Asean Boosts Anti-Terror Cooperation

Asean countries made further progress on coordinating their own war on terror, expanding an anti-terrorism coalition of countries, signing a pact with China to strengthen regional security and vowing not to be cowed by a­t­tacks on innocent civilians.

Terrorism has played a major part of a series of summits that opened Sunday and end today.

Speaking as chair of this year’s Asean Summit, Cambodian Prime Minister Hun Sen said after the meetings on Monday that the political will exists within Asean to “combat terrorism in all forms.”

But he joined other Asean leaders and cautioned other countries not to unnecessarily warn their citizens away from Asean, and said that all countries should be careful not to intimidate their own citizens.

“The tiger is in the forest,” Hun Sen said of terrorism, using a trade­mark metaphor. “And we are in the cities and threatened by the tiger.”

Hun Sen also said Monday night that Asean had forged an agreement with China to fight terrorism in Asia.

“Leaders adopted a joint declaration on cooperation on nontraditional security issues,” Hun Sen said.

The agreement is “aimed at promoting the collaboration of efforts to safeguard the region against terrorism,” according to an Asean statement.

In its own statement issued Sunday, Asean warned other countries not to help a terrorist agenda by keeping potential regional visitors afraid through unnecessary warnings.

Asean called upon other countries to avoid “indiscriminately” warning people away from the region.

The embassies of several Western countries have recently upgraded warnings to citizens traveling abroad, moves that have threatened to dampen the bread-and-butter tourism revenue earn­ed by many Southeast Asian nations, including Cambo­dia.

Warnings should be avoided “in the absence of established evidence to substantiate rumors of possible terrorist attacks, as such meas­ures could only help achieve the objectives of the terrorists,” Asean said in a declaration an­nounced at Monday’s summit meetings.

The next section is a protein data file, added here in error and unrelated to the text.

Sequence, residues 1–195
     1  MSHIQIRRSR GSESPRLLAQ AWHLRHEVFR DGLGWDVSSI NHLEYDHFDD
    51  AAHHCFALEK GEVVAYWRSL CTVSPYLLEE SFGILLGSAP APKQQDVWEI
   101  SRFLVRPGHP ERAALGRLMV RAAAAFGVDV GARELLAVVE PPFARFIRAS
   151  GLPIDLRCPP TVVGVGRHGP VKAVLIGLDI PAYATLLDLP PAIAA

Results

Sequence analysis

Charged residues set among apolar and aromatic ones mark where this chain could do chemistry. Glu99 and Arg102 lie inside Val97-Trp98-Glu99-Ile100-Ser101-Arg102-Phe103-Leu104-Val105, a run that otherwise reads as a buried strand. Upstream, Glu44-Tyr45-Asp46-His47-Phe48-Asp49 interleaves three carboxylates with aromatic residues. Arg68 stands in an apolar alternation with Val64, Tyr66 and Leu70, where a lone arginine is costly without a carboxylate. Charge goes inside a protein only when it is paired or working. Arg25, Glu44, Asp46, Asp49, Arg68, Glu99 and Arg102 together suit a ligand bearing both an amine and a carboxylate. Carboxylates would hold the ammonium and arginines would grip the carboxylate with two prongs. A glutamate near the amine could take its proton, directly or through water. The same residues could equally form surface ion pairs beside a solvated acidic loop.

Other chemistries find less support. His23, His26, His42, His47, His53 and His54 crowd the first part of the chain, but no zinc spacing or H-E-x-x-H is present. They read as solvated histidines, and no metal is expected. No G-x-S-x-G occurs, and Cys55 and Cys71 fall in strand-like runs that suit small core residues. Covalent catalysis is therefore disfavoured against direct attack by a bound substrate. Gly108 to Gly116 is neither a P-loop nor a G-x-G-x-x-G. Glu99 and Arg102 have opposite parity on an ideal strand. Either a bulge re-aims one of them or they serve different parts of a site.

Terrorism has become the central focus of three days of meetings held by Asean, China, Japan, South Korea and India, overshadowing regional efforts to step up cooperation on economics, agriculture and tourism.

Earlier Monday, Hun Sen said that economic problems, the recent terror attacks in Indonesia and the Philippines, “and the serious concern over international security requires us to strengthen our solidarity.”

The premier cited a “special focus on the fight against terrorism” as one of the key points in Cambodia’s agenda.

“Prosperity for all cannot be attained in the absence of security and peace,” Hun Sen said. “This we know from painful, recent experience. We should take more concerted actions to combat terrorism. We cannot allow the terrorist scourge to worsen.”

Leaders of Asean and China signed an agreement that would strengthen cooperation in fights against terrorism, drug smuggling, and human trafficking and other regional threats.

Meanwhile, Thailand is expected today to join Cambodia, Indo­nesia, Malaysia and the Philip­pines to form a narrow anti-terrorism partnership that promises increased information sharing, communication and combined anti-terrorism exercises, Indone­sian Foreign Minister Hasan Wirayuda said Monday.

“We strongly support the Thai initiative,” Hun Sen said. Camb­o­dia signed the agreement earlier this year. Other Asean countries are expected to join the group even­tually, but no other agreements are needed for them to do so, he said.

“We don’t need any more words, because the agreements are already there,” Wirayuda said. “It’s there.”

The agreement establishes guidelines for search-and-rescue operations, hotlines, the sharing of airline passenger lists and stronger border controls, The Associated Press reported.

“The frameworks are there,” Wirayuda said. “What we need is to give more political weight to the process.”

Indonesia’s secretary for military affairs, Major General Tuba­gus Hasanuddin, said that in a country like Indonesia, with long, porous borders, information is critical. He said that not only regional agencies, but those in the US as well, needed to improve their information sharing.

The agreement binds countries that are most exposed to terrorism: Indonesia, which struggles with separatist violence and now the Bali blasts; the Philip­pines, with Mus­lim extremists in the south and communists in the north; Thai­land, which is fighti­ng ex­tremists in the South; and Mal­ay­sia, where officials have found elements linked with al-Qaida.

Hasanuddin said attacks on innocents can happen anywhere.

“Terrorism is terrorism,” he said, “without relation to country, without relation to religion.”


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